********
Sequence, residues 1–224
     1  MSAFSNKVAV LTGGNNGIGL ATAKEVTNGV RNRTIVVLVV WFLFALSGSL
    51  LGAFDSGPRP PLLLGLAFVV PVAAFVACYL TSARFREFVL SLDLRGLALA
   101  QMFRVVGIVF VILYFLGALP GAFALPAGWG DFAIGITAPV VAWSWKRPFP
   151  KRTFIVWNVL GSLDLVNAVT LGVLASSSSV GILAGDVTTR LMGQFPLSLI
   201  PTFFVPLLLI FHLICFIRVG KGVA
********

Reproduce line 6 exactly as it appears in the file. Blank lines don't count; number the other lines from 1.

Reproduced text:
   201  PTFFVPLLLI FHLICFIRVG KGVA